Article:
The Revenant

First of all, I’d like to give a special shout-out to the old man who talked to himself non-stop as I and many others were watching this movie. I am confident in saying that the only reasons none of us told him off are (a) his mumblings were a little too unsettling to be dealt with in a dark theater and (b) we were all too comfortable to get up.

Thanks for letting me get that off my chest. Okay, The Revenant. It’s a goddamn Oscar-bait movie is what it is. Aside from Leo winning Best Actor, which definitely should happen because he was that good and the meme needs to stop, nothing about this movie makes it the best of the year. Alejandro Iñárritu, stand down. Birdman got you your golden statue, and deservedly so.

The Revenant almost seems hastily done, churned out under the wire for Oscars season. There’s a lot of dubbing, for example, since some of the movie is in Pawnee, and it’s painfully obvious. Iñárritu is so much better than that, and yet he didn’t bother. The camera work, too, doesn’t quite align with the tone of the movie. See, The Revenant is meant to be a gritty recollection of the story of Hugh Glass (Leonardo DiCaprio) and how he survived in the wilderness after his fellow campers — instigated by trapper John Fitzgerald (Tom Hardy) — leave him for dead post-bear-mauling. “Gritty” is a stupid, overused word, but it gets my point across. And my point is that we’re not supposed to be focused on the camera at all — we’re supposed to be looking at Glass and the aforementioned wilderness. We do sometimes, as when Iñárritu gives the full, wide screen to small, still images of insignificant weeds and gorgeous frozen leaves — which are enhanced by Alva Noto and Ryuichi Sakamoto’s striking, stark score. But he also over-stylizes the movie by letting blood splatter, water droplets, fog and sun spots remain on the lens. It’s too hyper-aesthetic, and it screams pretentious. Again, Iñárritu’s better than that.

Speaking of pretentious, Hardy ripped out a few pages from the Christian Bale school of acting here. He adopted some kind of overly-country-Western accent for his role as Fitzgerald, and it distracted from his otherwise complex, strong performance as that villain. Since we weren’t given too many details about the when- and whereabouts of the movie, the variance in accents really stood out, especially because Leo didn’t take one on noticeably and because he and Hardy had a number of scenes together.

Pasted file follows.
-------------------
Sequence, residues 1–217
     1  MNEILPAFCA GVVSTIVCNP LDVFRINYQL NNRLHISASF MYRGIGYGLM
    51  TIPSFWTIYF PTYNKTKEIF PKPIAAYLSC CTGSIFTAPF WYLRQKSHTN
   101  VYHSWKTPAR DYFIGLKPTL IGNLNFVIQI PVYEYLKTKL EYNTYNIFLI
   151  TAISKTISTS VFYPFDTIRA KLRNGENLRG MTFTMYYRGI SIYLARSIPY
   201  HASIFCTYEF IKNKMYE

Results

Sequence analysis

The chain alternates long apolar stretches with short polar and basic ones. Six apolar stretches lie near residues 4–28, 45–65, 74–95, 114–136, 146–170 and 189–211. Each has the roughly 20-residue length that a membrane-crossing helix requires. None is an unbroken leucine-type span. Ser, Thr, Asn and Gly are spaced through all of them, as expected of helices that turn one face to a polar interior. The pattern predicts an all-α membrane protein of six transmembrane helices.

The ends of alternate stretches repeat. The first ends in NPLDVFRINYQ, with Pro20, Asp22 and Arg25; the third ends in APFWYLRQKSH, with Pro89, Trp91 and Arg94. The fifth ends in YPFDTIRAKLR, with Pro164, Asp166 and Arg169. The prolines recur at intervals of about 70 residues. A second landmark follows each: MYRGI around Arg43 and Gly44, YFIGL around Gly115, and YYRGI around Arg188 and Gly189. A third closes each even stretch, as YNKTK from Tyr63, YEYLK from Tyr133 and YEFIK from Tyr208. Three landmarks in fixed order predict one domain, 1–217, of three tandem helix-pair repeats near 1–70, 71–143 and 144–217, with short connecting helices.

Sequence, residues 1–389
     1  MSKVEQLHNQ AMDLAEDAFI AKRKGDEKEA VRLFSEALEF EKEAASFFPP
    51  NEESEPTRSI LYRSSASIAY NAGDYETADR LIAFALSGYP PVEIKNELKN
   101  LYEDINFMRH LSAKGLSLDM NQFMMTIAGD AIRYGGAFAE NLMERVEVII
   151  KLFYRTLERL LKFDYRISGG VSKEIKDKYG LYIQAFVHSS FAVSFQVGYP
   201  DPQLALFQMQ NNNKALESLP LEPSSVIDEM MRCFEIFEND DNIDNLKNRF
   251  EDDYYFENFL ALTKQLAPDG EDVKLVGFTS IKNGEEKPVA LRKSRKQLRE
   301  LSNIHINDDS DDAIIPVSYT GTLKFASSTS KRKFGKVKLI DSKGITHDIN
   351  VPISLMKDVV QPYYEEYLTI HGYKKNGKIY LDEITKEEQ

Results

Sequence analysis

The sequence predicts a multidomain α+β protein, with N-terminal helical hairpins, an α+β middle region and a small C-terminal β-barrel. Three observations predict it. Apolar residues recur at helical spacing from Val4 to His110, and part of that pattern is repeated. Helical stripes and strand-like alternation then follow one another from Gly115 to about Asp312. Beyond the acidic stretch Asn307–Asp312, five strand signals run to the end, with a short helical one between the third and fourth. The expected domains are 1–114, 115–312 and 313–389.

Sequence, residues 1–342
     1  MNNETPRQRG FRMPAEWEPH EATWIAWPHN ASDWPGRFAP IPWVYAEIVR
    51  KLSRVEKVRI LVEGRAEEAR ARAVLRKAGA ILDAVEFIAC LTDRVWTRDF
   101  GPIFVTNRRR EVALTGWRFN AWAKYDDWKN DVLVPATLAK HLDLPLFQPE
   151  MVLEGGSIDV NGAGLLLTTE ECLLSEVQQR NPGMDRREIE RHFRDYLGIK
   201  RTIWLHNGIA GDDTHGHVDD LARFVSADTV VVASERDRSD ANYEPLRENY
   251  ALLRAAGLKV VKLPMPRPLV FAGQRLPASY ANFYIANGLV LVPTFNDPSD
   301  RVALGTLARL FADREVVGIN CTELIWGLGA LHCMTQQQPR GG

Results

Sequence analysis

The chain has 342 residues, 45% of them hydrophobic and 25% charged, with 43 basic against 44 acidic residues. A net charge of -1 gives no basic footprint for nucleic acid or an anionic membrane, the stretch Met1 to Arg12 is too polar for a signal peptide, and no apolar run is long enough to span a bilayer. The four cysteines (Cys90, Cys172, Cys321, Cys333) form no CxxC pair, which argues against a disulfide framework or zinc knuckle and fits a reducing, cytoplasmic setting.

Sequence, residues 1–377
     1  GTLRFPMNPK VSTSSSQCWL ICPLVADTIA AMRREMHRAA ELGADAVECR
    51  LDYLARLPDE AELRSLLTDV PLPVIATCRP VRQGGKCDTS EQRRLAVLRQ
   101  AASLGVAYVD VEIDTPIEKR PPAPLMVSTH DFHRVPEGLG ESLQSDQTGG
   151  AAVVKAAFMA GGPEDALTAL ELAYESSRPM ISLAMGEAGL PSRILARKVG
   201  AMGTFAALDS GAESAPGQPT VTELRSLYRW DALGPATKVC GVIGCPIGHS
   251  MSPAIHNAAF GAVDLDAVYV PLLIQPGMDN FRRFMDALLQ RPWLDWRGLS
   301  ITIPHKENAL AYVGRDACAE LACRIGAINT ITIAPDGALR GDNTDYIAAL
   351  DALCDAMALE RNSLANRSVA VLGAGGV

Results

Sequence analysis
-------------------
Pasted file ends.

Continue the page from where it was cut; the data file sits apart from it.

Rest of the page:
Leo, though. The man knows how to give all of himself, especially physically, to his work. I imagine filming The Revenant was a different experience than he was used to, since the number of lines decreased substantially and he could really hone that physicality into something incredible, which he did. There’s the now-infamous bear scene, of course, which is a cinematic achievement for all involved, but the real wonder is in how he sustained the intensity for the whole, freezing-cold duration of it. (And, for that matter, how the real Glass survived at all.) The scene that stood out most to me is one in which Glass hollows out a dead horse and uses its carcass as shelter for the night. Seeing something as revelatory as that made me realize that we don’t even remotely think that way anymore as a society. The skills that Glass had are all but extinct today. We can be thankful for technology, sure, but at the expense of that kind of life-saving improvisation.

I’m sure that scene grossed some people out. And I’m sure some people had issues with the violence. I didn’t, though I did voice my distaste for the violence in Hateful 8, and I’ve been wrestling with why that dichotomy exists in my brain. I think I accept the violence in The Revenant because it actually happened, it was necessary, and it was the opposite of glorified. If you were to learn only one shallow thing from this movie, it would be, “Don’t get lost in the wilderness by yourself, dumbass.” Though the natural world was stunning at times, and it served as an essential, all-encompassing resource for Glass’ survival, it was also the enemy. Glass was David, everything around him was Goliath, and somehow he prevailed.

By the anticlimactic end of the movie, which was long enough, I actually wanted to know more about what happened to the real Glass. The relationship established between Glass and his half-native son, Hawk (Forrest Goodluck), felt unfinished. I craved more background, perhaps to make the spiritual elements of the movie seem less cheesy, and to make Hawk more of a fully-realized person rather than a symbolic drive for Glass’ survival and vengeance against Fitzgerald. I think Iñárritu missed an opportunity to center the story with more emotional depth.

Bottom line? Best Actor, not Best Picture. Plain and simple. Let’s get to the show already!

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